Thom at Film of the Year tagged me for the Alphabet Meme. I've posted a list at Dr. Mabuse's Kaleidoscope, in the comments to Dave's post, but will go ahead and list the films here.
Here are the rules:
1. Pick one film to represent each letter of the alphabet.*
2. The letter "A" and the word "The" do not count as the beginning of a film's title, unless the film is simply titled A or The, and I don't know of any films with those titles.
3. Thanks to some clarification by The Siren, movies are stuck with the titles their owners gave them at the time of their theatrical release.
4. Films that start with a number are filed under the first letter of their number's word. 12 Monkeys would be filed under "T."
5. Link back to Blog Cabins in your post so that I can eventually type "alphabet meme" into Google and come up #1, then make a post where I declare that I am the King of Google.
6. If you're selected, you have to then select 5 more people.
To these I added the guideline that with foreign titles I would rely on the original title if in Roman alphabet, the translated title otherwise.
L'Année Derniere a Marienbad/Last Year at Marienbad
The Big Clock
Faustrecht der Freiheit/Fox and his Friends
In the Year of the Pig
Jeanne Dielman, 23 Quai du Commerce, 1080 Bruxelles
Late Chrystanthemums (1954)
La Noire de… /Black Girl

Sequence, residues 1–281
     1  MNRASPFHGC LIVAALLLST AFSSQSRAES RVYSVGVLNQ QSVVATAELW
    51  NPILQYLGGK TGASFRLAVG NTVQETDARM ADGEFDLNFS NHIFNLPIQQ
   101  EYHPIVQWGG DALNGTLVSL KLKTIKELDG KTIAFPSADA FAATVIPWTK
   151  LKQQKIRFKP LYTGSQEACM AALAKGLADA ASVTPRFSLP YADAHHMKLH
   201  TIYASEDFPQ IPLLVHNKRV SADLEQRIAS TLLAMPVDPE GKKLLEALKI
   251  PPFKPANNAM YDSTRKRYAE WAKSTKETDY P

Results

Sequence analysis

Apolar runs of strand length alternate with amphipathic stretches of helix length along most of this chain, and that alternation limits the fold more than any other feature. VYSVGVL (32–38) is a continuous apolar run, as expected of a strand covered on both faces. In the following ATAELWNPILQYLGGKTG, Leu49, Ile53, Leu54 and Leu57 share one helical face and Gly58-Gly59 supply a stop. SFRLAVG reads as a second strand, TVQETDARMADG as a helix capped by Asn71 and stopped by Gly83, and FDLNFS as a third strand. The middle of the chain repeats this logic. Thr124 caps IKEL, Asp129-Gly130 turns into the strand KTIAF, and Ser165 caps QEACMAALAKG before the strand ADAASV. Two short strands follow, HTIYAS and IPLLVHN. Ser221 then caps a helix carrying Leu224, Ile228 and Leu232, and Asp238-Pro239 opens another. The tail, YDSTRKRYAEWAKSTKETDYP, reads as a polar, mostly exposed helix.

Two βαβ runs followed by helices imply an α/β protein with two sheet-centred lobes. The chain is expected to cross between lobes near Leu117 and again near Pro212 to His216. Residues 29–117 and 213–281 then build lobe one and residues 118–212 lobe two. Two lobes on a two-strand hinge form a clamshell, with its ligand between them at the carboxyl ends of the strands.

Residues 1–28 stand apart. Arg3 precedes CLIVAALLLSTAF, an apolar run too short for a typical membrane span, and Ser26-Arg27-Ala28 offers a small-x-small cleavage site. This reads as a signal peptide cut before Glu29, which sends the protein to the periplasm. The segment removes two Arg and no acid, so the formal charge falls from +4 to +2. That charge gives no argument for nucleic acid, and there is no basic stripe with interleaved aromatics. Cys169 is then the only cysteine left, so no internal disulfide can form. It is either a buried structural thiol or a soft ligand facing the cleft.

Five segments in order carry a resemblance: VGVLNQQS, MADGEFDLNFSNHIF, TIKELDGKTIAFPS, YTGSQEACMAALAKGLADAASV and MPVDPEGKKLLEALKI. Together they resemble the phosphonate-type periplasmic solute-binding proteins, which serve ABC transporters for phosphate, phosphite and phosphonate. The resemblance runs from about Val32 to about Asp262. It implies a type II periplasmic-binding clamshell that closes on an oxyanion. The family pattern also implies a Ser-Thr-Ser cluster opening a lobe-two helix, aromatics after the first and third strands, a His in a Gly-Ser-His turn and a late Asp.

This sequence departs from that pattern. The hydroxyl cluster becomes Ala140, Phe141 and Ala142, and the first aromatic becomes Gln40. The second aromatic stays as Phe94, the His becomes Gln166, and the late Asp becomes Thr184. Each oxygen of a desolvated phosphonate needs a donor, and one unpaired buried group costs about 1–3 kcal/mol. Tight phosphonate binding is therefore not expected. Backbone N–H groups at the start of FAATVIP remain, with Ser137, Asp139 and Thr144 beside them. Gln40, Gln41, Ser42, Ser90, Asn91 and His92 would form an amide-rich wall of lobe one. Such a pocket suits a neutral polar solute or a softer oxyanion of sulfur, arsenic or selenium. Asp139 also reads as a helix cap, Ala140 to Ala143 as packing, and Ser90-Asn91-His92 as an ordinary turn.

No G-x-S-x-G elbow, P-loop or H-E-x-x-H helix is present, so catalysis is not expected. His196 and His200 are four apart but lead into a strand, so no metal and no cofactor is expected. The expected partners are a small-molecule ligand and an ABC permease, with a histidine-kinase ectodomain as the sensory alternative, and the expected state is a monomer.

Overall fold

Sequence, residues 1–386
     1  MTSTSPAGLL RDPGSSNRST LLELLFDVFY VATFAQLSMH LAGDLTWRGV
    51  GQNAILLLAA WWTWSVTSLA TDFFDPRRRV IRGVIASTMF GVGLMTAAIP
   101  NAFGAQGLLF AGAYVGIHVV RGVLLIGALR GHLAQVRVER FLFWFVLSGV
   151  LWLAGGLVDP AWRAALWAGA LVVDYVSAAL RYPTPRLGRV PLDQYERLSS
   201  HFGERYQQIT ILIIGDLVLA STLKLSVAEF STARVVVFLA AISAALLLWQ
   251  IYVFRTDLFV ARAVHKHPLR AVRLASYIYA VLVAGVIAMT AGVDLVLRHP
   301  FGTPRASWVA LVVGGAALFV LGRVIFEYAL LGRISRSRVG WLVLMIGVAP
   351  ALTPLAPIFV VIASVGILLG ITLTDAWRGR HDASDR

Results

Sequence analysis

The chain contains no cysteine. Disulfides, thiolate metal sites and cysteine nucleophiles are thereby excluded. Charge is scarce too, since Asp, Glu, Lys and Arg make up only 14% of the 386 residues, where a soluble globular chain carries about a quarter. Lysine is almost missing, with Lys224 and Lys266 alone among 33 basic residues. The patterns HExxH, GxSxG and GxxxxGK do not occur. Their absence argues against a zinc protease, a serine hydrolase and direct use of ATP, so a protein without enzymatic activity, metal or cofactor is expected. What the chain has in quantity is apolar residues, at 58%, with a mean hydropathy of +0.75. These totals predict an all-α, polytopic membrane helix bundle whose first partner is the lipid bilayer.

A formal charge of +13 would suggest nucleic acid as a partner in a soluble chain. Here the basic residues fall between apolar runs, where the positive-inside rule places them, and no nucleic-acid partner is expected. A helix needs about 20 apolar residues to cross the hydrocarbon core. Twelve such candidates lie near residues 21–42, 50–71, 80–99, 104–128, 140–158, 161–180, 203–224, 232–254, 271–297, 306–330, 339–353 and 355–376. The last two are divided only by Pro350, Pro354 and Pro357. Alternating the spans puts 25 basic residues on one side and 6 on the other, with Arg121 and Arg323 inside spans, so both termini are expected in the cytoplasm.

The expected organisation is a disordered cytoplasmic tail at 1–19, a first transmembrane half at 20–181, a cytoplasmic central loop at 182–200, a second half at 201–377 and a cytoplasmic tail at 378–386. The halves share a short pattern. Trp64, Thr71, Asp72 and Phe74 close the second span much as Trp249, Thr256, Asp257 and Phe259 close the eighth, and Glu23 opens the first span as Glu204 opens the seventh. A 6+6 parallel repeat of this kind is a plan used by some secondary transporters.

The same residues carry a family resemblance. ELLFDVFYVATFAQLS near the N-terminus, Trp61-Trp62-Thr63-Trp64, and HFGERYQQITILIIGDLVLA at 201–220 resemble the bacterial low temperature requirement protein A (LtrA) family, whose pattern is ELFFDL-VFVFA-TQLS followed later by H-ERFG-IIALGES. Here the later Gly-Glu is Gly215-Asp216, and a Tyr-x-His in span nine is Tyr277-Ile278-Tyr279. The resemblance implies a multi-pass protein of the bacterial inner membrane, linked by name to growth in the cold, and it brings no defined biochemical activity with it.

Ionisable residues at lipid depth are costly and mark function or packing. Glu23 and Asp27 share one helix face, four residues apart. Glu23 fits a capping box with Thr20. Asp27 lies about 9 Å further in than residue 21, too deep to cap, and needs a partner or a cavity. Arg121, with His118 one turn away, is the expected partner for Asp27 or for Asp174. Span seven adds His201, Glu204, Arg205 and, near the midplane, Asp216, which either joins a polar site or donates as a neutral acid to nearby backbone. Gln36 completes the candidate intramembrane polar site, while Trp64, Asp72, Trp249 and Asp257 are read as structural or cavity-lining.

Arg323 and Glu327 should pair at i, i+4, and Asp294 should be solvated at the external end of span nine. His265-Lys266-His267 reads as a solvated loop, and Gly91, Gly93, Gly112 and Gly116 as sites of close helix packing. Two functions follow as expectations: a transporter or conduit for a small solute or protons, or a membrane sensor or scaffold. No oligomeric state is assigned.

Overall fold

Only Angels Have Wings
Le Quai des Brumes/Port of Shadows
Rebel Without a Cause
Twice a Man
Les Vampires (1915)
Written on the Wind
Y tu mamá también
Not surprisingly, the list skews canonical. And I will admit X-Files, while I like the film, would not make any top-26 list of mine were it not for the alphabet conceit. And other choices were affected: of Pakula's work, I like The Parallax View and All the President's Men better than Klute, but competition for K was not as still as for P or A. I originally had Querelle for Q but Thom reminded me of the Carné film, which I love.
OK, as far as tagging others goes, well it always feels a little chain letter-y, but if they're so inclined as to share, I'd be curious to see what Paul Harrill at Self-reliant Film, the Cinetrix, Bob Rehak, Catherine Grant, and Channel Zero's "Zolok" would put in their list.
Ray Brassier on Nick Land
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